Do any of you working, going to the store, or just standing at the kitchen sink washing dishes ever think about how wonderful people are in this world? Instead of dwelling on the bad, there are so many good things happening. I’m including these events in my column this week.
The young man I call my sixth son, Rick, gives us each Christmas a subscription to the “The Week” magazine. If you’ve never seen one, it includes news from around the world, some political columns and editorials, a gossip column, one that includes the not so nice items about people. One that I particularly enjoy is a small column that is called “It wasn’t all bad.”
What astonishes me is, very often, the good things that are reported have been done by such an assortment of people, young and old, rich and poor and all ethnic groups and colors. Here are some paraphrased examples. A young 8 year old noticed a homeless man outside a restaurant where she was eating with her dad. Thinking the man must be hungry; she got up, went outside and gave him her plate of food.
Her dad posted a video of this heartwarming gesture to Facebook where it was viewed more than 44 million times, including the homeless man’s sister. He had disappeared six months earlier. She was overjoyed to discover he was still alive. They are working to reunite the siblings. Here’s another wonderful story. After that epic rainstorm in Louisiana one couple knew how to provide comfort to victims and rescue-workers barbecue.
They spent $1,840 on food and set up shop outside of the emergency shelter in Baton Route. Their donation helped feed some 3,000 hungry people. Next we come to a young Pittsburgh bride-to-be. She wanted her bachelorette party to be more than tiaras and bottomless booze. Instead she decided to give women from a local homeless shelter a day of pampering. She, and her friends took the residents for haircuts, manicures, and a shopping spree.
At the end of the day, she provided a restaurant dinner. She felt this was the perfect way to celebrate the beginning of a new chapter in her life by sharing this special moment with others. This next one is a real surprise; at least it was to the people at the University of New Hampshire’s library. One of the librarians passed away, leaving his estate — all $4 million of it to the school.
His colleagues knew him as a frugal man, who drove an old car, rarely bought new clothes or went out, and ate frozen dinners. His life savings will be used to fund scholarships and renovations. Said one spokeswoman, “The feeling around here has been just kind of awe.” Sometimes people criticize our police. Here’s a story about one policeman who did something very nice.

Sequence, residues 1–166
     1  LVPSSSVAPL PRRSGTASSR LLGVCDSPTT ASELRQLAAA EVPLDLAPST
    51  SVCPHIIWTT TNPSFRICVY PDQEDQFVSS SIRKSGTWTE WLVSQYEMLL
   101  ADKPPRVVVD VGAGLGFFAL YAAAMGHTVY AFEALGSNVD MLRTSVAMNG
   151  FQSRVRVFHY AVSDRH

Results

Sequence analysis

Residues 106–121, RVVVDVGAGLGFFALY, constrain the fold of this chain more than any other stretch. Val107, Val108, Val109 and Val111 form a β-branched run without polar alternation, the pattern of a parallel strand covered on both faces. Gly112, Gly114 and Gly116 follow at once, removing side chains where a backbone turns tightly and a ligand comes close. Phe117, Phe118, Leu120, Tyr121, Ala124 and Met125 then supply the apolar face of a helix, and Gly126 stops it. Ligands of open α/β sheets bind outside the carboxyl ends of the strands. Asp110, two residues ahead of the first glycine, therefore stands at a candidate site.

A teenager’s car broke down and he found himself walking two and a half hours each way to work. When a patrol officer spotted him walking home one day, he stopped to talk to the teen. Impressed by his work ethic, the officer gave the young man a lift home and a few days later presented him with a mountain bike that he and his colleagues had bought.
A young four-year-old fell ill with a rare autoimmune disease that caused causes kidney failure. A search was done looking for a transplant match. Things were looking desperate when her pre-school teacher told her parents that she would be donating a kidney to the young girl. Her mother said, “How do you thank someone for saving your child’s life?” So from now until December I am going to emphasize some things.
Please friends, don’t do any Christmas shopping until you’ve checked the many events locals are having to sell their wares. I’ve been fortunate enough to get a space at the Junior High this year to show my crewel designs, which I often donate for local causes. However, more importantly, it will give me a chance to meet and thank so many of my loyal readers.
People email, call, or sent me letters. Some want to see me in person. Guess I’ll have to update my picture? I’d also love to meet my dear friend from Bottom Road. I do so want to meet all of you and will be at the middle school Dec. 2 and 3. Please come by to let me thank you for sharing life’s adventures with you through the LVN.
Edna Van Leuven is a Churchill County writer and columnist. She may be reached at email@example.com